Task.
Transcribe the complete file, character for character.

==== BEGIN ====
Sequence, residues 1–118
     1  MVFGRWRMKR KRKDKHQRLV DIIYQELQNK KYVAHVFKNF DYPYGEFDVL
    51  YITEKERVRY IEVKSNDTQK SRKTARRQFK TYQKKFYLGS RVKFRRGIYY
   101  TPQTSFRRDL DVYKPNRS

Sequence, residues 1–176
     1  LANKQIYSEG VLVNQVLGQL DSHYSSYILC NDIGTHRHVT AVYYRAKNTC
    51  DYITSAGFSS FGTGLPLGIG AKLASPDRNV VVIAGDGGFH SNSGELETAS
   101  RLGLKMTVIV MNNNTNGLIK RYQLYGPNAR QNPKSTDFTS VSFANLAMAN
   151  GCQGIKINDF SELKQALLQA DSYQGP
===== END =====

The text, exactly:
Sequence, residues 1–118
     1  MVFGRWRMKR KRKDKHQRLV DIIYQELQNK KYVAHVFKNF DYPYGEFDVL
    51  YITEKERVRY IEVKSNDTQK SRKTARRQFK TYQKKFYLGS RVKFRRGIYY
   101  TPQTSFRRDL DVYKPNRS

Sequence, residues 1–176
     1  LANKQIYSEG VLVNQVLGQL DSHYSSYILC NDIGTHRHVT AVYYRAKNTC
    51  DYITSAGFSS FGTGLPLGIG AKLASPDRNV VVIAGDGGFH SNSGELETAS
   101  RLGLKMTVIV MNNNTNGLIK RYQLYGPNAR QNPKSTDFTS VSFANLAMAN
   151  GCQGIKINDF SELKQALLQA DSYQGP